You might want to export tweets from Twitter to Excel if:
- you wanted to include tweets as part of your administrative record for a project or
- if you wanted to track what folks were saying in general about a roadway or an area on Twitter (i.e. Twitter search for I-35, an interstate in Texas).
Quick & Dirty Method for Exporting Tweets from Twitter to Excel
Here's how I extracted the tweets sent during the American Planning Association's 2010 conference, which you can read here http://www.cubitplanning.com/blog/2010/04/tweets-from-apa-2010-conference/. I used a free program called the Archivist. The Archivist is a Windows application that “allows you to archive tweets for later data-mining and analysis for a given search. The Archivist allows you to start a search and will get as many results as it can on the initial search. If you leave The Archivist open, it will update with the latest results every 10 minutes. You can also close The Archivist and open it later. The Archivist will save the tweets and get all the tweets it can since that search. The Archivist will display a chart that shows the number of tweets per day for a given search, so that you can quickly assess traffic for a given search. For more comprehensive data analysis, The Archivist lets you export Tweets to Excel.”
- Download the Archivist here: http://www.flotzam.com/archivist/
- Open the Archivist. In the search for box, enter your search term (I used #apa2010, the hashtag for the APA2010 conference). Click Get Latest.
- Bonus Points: While you're here, click on View and check out your Tweets as a Pie Chart and as a Line Chart. An example of a Line Chart of the #apa2010 tweets is below.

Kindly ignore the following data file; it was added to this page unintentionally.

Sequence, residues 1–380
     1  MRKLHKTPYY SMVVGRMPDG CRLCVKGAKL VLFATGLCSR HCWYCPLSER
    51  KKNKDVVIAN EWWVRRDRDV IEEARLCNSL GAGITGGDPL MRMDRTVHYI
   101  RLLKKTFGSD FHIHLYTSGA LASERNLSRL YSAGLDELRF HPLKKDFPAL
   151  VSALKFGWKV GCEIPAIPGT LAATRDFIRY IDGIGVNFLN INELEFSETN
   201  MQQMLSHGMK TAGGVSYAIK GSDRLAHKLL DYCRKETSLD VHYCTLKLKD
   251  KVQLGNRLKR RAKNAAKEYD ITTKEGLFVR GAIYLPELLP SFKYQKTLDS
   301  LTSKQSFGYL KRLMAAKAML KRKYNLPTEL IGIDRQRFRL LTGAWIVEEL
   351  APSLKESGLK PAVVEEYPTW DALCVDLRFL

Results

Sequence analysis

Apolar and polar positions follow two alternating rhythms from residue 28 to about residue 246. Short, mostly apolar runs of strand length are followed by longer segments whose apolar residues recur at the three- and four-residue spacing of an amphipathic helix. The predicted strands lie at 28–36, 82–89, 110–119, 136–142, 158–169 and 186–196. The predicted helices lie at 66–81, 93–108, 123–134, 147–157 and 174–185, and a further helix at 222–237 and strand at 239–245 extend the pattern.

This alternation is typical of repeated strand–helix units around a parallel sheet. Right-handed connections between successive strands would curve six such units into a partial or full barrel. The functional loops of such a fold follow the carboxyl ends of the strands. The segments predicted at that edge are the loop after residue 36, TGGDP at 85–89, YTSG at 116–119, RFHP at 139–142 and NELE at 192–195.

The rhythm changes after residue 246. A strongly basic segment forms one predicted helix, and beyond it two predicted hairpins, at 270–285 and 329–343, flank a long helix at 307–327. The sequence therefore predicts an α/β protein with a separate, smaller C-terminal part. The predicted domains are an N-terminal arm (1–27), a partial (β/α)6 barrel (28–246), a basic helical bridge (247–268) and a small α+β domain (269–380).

- Click on Export to Excel. Your tweets will be saved as a .txt file.
- Open the .txt file in Excel. Handy tip: if the data doesn't display nicely in columns in Excel, use the Text to Column feature in Excel to split the data out into columns.
But The Above Method Won't Work for an Administrative Record
Yes, you are correct! The above method worked perfectly for me when extracting tweets from the APA's 2010 conference; because I ran the search three days after the conference was over, and the conference only lasted a few days. I wasn’t worried about capturing tweets over a long period of time like the months or years it could take an EIS to be completed. Currently, Twitter stores your tweets for less than a month. The Twitter folks say that timeframe will be shrinking as the number of tweets per day continues to grow. If you want to include tweets about your project as part of the administrative record, you'll need to back them up.
How to Back Up Tweets to Include as Part of the Administrative Record
If you want to back up and save tweets to include as part of the Administrative Record, check out ReadWriteWeb's 10 Ways to Archive Your Tweets.
- If you don't consider yourself to be tech savy, I'd suggest going with option #8. Twitterback up tools. I've got a BackupMyTweets account.
- If you do consider yourself to be tech savy, I'd suggest #7. RSS Feeds and setting up a separate Google reader.
Let me know if you’ve got any questions about this process or if you’ve used any of these tools to successfully include tweets as part of your administrative record.